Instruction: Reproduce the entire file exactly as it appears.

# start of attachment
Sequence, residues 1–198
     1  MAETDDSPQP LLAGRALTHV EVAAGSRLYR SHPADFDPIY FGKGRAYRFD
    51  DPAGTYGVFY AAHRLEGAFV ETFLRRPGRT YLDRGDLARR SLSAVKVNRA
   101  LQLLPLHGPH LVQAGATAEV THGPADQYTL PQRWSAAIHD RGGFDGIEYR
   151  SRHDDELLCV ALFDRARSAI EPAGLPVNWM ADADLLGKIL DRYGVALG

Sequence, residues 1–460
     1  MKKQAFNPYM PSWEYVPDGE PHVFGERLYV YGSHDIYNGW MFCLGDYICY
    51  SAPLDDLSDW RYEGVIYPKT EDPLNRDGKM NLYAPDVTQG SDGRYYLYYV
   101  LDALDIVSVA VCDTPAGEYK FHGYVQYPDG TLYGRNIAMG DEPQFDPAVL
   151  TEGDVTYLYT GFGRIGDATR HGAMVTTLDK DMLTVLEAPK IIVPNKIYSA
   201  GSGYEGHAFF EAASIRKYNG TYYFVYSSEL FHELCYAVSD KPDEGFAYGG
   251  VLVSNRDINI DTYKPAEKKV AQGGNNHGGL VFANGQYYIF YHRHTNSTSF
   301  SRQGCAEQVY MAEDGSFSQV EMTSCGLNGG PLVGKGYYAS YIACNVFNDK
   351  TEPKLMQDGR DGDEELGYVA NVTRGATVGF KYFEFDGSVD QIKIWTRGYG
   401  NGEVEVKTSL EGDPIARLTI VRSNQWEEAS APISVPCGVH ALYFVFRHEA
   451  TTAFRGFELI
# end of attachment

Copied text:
Sequence, residues 1–198
     1  MAETDDSPQP LLAGRALTHV EVAAGSRLYR SHPADFDPIY FGKGRAYRFD
    51  DPAGTYGVFY AAHRLEGAFV ETFLRRPGRT YLDRGDLARR SLSAVKVNRA
   101  LQLLPLHGPH LVQAGATAEV THGPADQYTL PQRWSAAIHD RGGFDGIEYR
   151  SRHDDELLCV ALFDRARSAI EPAGLPVNWM ADADLLGKIL DRYGVALG

Sequence, residues 1–460
     1  MKKQAFNPYM PSWEYVPDGE PHVFGERLYV YGSHDIYNGW MFCLGDYICY
    51  SAPLDDLSDW RYEGVIYPKT EDPLNRDGKM NLYAPDVTQG SDGRYYLYYV
   101  LDALDIVSVA VCDTPAGEYK FHGYVQYPDG TLYGRNIAMG DEPQFDPAVL
   151  TEGDVTYLYT GFGRIGDATR HGAMVTTLDK DMLTVLEAPK IIVPNKIYSA
   201  GSGYEGHAFF EAASIRKYNG TYYFVYSSEL FHELCYAVSD KPDEGFAYGG
   251  VLVSNRDINI DTYKPAEKKV AQGGNNHGGL VFANGQYYIF YHRHTNSTSF
   301  SRQGCAEQVY MAEDGSFSQV EMTSCGLNGG PLVGKGYYAS YIACNVFNDK
   351  TEPKLMQDGR DGDEELGYVA NVTRGATVGF KYFEFDGSVD QIKIWTRGYG
   401  NGEVEVKTSL EGDPIARLTI VRSNQWEEAS APISVPCGVH ALYFVFRHEA
   451  TTAFRGFELI